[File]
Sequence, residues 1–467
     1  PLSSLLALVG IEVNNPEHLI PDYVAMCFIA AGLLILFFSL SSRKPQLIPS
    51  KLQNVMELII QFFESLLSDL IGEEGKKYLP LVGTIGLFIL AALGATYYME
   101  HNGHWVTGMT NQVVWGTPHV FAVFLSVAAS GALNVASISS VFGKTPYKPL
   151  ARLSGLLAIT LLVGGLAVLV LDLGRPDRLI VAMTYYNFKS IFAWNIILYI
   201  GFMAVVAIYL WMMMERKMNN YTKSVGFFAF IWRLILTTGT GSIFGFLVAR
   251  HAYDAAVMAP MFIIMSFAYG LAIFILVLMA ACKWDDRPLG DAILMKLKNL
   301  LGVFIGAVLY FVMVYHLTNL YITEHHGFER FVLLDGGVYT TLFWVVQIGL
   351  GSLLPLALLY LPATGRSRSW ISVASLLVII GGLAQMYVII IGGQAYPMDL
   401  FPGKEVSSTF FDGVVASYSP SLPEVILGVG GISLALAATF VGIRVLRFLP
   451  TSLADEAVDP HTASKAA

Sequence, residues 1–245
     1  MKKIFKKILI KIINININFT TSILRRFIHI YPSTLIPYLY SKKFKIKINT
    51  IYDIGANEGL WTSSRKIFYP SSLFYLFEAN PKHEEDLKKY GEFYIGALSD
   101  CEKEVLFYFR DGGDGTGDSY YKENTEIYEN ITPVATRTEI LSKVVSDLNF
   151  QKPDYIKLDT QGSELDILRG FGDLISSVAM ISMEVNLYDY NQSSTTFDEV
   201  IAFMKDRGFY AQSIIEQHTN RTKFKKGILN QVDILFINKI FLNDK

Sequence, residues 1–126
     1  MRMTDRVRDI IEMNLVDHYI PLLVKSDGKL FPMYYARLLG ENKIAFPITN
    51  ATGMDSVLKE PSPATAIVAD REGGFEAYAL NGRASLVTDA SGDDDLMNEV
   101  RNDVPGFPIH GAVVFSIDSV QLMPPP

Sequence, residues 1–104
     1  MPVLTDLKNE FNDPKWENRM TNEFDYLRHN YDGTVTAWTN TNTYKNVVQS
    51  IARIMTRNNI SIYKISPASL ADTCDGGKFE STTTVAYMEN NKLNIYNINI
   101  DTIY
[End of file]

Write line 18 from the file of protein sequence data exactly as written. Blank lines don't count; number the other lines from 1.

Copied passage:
Sequence, residues 1–126